There are lots of factors that come in to play when deciding whether to move into a retirement village. These can be health, social, financial, security and lifestyle. Although not all retirement villages are the same, all of them have some similar characteristics that make them appealing to people.
The social aspect
Staying socially active can help you maintain good physical and emotional health. Research indicates also that those who have a close group of friends and regularly interact with others tend to live longer and be protected against illness. If you are beginning to feel lonely then a retirement village can provide you with opportunities to socialise and enjoy outings with neighbours, who could end up being friends. Before moving in speak to other residents at the retirement village you are considering. This may give you a feeling of the community. Ask about outings, activities and village life and how often these are encouraged.
Managing the housework
If the thought of taking care of your own medication and all meals seems daunting it may be a good move to visit some retirement villages to see how they can lessen the burden. If you are having difficulties keeping on top of the housework, or the garden, then moving somewhere smaller may help reduce this stress and workload. Most retirement villages also offer a cleaning service for an additional fee as well.
Want to cut back on your driving?
If driving, or catching public transport, has become difficult or impossible, then a retirement village may offer a solution to your problems. Some retirement villages offer assisted transport which means you may be able to get out and about more and help restore a bit of your independence and confidence.
Retirement villages offer a peace of mind to those who may be worried about security. Living in a retirement village can offer you the best of both worlds, you can enjoy the benefits of privacy and security whilst not having to worry about maintaining your home.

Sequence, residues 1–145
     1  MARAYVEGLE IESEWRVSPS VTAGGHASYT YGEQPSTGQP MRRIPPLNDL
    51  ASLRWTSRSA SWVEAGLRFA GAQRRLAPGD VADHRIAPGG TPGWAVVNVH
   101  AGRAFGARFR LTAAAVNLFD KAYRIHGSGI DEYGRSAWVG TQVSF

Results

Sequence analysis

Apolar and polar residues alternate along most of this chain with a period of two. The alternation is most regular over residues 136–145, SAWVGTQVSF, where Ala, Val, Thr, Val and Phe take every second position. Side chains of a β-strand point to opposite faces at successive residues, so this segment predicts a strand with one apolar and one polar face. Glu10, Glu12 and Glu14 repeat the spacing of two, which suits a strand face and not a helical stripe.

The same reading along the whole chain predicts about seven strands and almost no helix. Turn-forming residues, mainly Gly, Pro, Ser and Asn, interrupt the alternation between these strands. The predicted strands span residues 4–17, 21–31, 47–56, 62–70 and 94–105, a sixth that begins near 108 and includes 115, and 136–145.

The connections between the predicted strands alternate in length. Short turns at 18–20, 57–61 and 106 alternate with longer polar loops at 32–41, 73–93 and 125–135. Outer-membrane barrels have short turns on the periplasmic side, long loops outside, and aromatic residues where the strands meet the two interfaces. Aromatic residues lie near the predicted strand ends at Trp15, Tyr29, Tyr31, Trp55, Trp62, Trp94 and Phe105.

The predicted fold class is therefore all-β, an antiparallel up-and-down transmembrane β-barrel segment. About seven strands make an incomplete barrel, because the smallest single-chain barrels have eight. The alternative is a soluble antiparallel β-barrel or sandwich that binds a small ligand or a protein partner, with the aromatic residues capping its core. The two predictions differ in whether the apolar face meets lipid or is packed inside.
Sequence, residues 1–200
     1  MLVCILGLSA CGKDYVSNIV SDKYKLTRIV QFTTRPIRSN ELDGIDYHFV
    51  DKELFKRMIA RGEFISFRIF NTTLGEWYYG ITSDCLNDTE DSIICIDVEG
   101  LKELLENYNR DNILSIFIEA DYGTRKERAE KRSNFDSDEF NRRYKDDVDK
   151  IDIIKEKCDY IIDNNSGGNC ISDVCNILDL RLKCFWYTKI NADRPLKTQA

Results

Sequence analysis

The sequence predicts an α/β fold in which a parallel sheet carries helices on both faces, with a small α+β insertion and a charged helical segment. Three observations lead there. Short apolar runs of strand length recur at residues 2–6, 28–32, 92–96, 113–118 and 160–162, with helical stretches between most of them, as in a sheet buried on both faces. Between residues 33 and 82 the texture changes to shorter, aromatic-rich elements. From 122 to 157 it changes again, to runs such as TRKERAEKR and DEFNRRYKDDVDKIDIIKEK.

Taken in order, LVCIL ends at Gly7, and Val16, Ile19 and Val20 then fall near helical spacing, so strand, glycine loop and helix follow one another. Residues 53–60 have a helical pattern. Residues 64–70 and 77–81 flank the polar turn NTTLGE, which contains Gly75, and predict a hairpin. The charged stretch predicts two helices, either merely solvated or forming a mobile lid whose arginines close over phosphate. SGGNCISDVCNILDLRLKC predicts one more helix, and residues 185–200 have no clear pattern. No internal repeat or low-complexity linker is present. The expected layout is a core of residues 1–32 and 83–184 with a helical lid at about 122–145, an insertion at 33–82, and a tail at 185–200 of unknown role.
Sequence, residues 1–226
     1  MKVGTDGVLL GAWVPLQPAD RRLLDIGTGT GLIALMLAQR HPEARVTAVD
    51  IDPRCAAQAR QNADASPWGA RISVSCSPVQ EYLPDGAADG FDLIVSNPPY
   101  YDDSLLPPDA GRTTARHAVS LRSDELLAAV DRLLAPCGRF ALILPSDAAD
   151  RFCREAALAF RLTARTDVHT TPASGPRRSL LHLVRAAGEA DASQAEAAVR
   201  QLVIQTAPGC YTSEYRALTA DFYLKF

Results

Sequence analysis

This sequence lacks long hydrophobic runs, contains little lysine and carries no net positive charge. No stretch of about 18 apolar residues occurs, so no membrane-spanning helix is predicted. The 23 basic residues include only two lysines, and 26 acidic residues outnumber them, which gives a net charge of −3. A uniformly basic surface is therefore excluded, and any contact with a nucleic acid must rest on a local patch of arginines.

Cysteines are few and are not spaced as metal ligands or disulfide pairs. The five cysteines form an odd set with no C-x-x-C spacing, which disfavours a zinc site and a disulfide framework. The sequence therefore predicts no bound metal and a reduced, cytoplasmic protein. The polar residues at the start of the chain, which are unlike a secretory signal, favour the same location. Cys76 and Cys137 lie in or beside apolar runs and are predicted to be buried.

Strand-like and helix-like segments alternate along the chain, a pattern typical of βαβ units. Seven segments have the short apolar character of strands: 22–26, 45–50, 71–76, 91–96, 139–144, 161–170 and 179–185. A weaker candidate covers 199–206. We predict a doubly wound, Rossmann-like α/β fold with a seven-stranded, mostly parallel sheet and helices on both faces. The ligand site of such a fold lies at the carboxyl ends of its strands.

While all of the above goes into your decision of whether to move into a retirement village, you should also consider a number of other things, including:
Make sure it suits ‘you’
It is important that people select the right village for their needs. Shopping around for retirement villages are similar to shopping around for a house. Make sure you have an idea in your head about what things you want and what things you do not want and ask questions to see if the village will suit you and your needs. Especially if you are thinking about needing care down the track.
Make sure the size fits
There are many things that come into play when you make your decision: the location, size, type of apartments available and their layout size. Speak to the village manager at the prospective retirement home about your needs, and ask to visit an apartment to see its true size. You will then be able to see if it will fit furniture and other items that will make the move with you.
Make sure it’s affordable
The financial implications of a move into a village are considerable. It’s important that you’re completely informed about what is covered in the occupational rights agreement, the Code of Residents Rights, Retirement Villages Code of Practice 2008 and 2013 variations and the Disclosure Statement. Ask for a breakdown on what these are and seek professional independent advice.
Remember to consider things like:
- Can you cover the monthly fees?
- Who is responsible for paying the utility fees, rates etc?
- If you change your mind and decide a village isn’t for you, will you have enough money to purchase back in the community?
- If your needs change and you require residential care are there services on site or will you have to move to another premises?
- What are the implications of your ORA – will you share in any capital gain?
- What is the cost for refurbishment when you leave your unit?
- How will your unit be re-sold?
- Who is responsible for selling the unit?
- If your unit doesn’t sell quickly what are the financial implications?
Deciding to move to a retirement village can be a big decision that requires a lot of thought and consideration but it could be a good move for those who want a bit of social interaction and support whilst still retaining some independence. Take your time and speak to staff and other residents and ultimately make a decision that is right for you and your circumstances.